Having explored the storage needed by typical users here, one of the takeaways was that having microSD support in your Windows Phone was 'a very good thing'TM. But what exactly should you put on it and what will happen if you do things wrong? In this feature, I look at how things are, and aren't, supposed to work, plus I cover how to upgrade one card to a higher capacity - seamlessly.
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Now, I've saved this for a Friday because it's a little bit controversial. As in 'voiding-your-warranty' naughty. Mind you, if the problem described here occurred while under warranty you'd presumably avail yourself of a Care Point of some kind, so my caution is perhaps moot. The issue is that, on some Lumia 930s, the Qi charging is erratic. Typically it starts OK and then stops after a few minutes. Here's how to fix it.
The announcement that Facebook's changing APIs were causing an issue for older versions of Windows Phone seems to have caused unnecessary alarm. All of this is, quite simply, a non-issue for almost everyone reading this article. All that's happened is that the way Facebook is 'Connected' to your Windows Phone has changed. If anything, the new way of doing things is more reliable and logical. And here's proof in the form of a full walk-through on a newly set-up phone.
It's all very well using an old classic like the (two year old) Lumia 1020: great camera, flash, and so forth. But, as I've documented here, the AMOLED screen ages significantly, plus the battery isn't what it once was. What better way to refresh the 1020 than give it a brand new screen and battery? Warning: scary screwdriver action follows - do not try this at home. Unless you really want to!
'Filters', as referred to by many an app and article on other sites and in other ecosystems, are crude, very crude examples of image processing. Even more so when users take the photo with these bastardisations already applied, i.e. there's no way back. But this doesn't mean that it's wrong to think about processing photos take on a Windows Phone. Even on the phone itself, perhaps before sharing. Happily, Microsoft provides Lumia Creative Studio for all its own smartphones - and below I discuss what's going on and provide some guidance and tips.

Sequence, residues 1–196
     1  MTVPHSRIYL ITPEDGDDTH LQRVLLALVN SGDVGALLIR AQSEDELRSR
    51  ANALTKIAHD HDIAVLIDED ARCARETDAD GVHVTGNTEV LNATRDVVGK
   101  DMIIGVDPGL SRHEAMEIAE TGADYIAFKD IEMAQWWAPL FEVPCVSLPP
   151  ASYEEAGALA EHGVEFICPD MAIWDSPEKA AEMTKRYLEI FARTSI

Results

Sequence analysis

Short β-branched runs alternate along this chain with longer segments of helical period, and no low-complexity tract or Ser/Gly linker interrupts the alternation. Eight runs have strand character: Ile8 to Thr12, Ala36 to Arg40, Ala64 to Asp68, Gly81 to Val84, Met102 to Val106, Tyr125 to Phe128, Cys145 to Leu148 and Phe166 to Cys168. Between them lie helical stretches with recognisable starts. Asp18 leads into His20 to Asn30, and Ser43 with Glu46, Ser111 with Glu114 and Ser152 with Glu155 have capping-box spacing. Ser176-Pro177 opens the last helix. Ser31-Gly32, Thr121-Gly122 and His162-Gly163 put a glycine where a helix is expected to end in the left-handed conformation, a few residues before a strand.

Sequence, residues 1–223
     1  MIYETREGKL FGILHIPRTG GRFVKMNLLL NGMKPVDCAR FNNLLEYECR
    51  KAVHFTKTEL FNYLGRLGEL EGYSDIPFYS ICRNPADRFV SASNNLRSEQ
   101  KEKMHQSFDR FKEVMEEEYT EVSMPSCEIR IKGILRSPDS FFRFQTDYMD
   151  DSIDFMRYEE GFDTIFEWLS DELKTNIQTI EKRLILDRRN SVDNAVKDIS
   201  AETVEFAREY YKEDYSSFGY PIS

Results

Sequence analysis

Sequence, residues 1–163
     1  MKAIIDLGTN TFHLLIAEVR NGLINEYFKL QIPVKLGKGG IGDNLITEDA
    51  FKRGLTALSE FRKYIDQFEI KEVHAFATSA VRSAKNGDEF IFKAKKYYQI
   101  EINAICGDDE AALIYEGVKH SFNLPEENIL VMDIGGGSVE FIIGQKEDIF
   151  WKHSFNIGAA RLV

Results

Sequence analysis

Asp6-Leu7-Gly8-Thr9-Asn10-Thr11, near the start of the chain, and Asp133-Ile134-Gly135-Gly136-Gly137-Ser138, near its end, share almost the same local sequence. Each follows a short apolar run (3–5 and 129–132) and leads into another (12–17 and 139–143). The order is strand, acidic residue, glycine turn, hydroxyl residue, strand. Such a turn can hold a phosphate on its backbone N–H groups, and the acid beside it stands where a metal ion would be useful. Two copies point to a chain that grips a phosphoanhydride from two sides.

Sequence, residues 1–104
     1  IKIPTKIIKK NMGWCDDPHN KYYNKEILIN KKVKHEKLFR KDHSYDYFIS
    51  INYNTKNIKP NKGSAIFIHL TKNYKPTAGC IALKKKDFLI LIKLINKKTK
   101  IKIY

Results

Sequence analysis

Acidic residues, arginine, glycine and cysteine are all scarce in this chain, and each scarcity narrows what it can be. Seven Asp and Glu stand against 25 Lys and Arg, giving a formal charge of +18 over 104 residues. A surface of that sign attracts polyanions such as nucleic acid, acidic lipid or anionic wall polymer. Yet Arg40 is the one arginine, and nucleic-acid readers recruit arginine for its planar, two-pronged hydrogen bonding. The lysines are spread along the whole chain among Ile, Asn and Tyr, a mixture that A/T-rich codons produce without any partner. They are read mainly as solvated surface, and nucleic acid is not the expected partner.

Each of the major smartphone platforms has its own voice assistant, but which is better for real world use? They're all getting smarter each year, of course, as their back-ends get upgraded, but at this point in 2015 I wanted to conduct a 'blind' test and get a data point or two. Or ten. The winner might surprise you too - Cortana was the early favourite, anecdotally, but an old hand stepped up to the plate in the end...
One of the most frustrating things about snapping photos of family is that anyone under about ten years of age just doesn't keep still. Not that you'd necessarily want them to a lot of the time, since a kid or pet doing something active, caught mid-stride, can be really effective and show off more of their character than an attempt at a traditional posed shot. The same applies to pets, wildlife and even nature itself, but there's a solution if you have the Lumia 930/Icon or 1520, as Rafe and I demonstrate below. (In fact, much of what follows also applies to the Lumia 830 and even the 640/640 XL too, albeit at much lower output resolution.)
Launched yesterday, Hyperlapse Mobile is already proving an interesting video utility, though I thought it worth pointing out some caveats and tips based on my own experiences so far. In short, it's still something of a novelty, but there's a lot of fun to be had and fully edited and polished hyperlapses can be rendered and then stitched/edited entirely on your Windows Phone.
One of the odd omissions on the Microsoft Band, reviewed here, is that there's no media control, unlike on other smartwatches. There's no music or similar tile available, for example. So if you're out running or walking or cycling and you want to pause or change playback, or similar, then you're out of luck, aren't you? Not really.
I reviewed Movie Creator back in November 2014, but the system just got itself a big update to support 4K video, i.e. burst or manually-selected video capture on the Lumia 930/Icon and 1520 - and, no doubt, future devices. In addition, there's now full integration with OneDrive, so the media you include doesn't have to exist on the Windows Phone being used to edit video anymore. Add in a few more enhancements for this new version and the time is right to see what Movie Creator can really do. Here's a tutorial to get you started.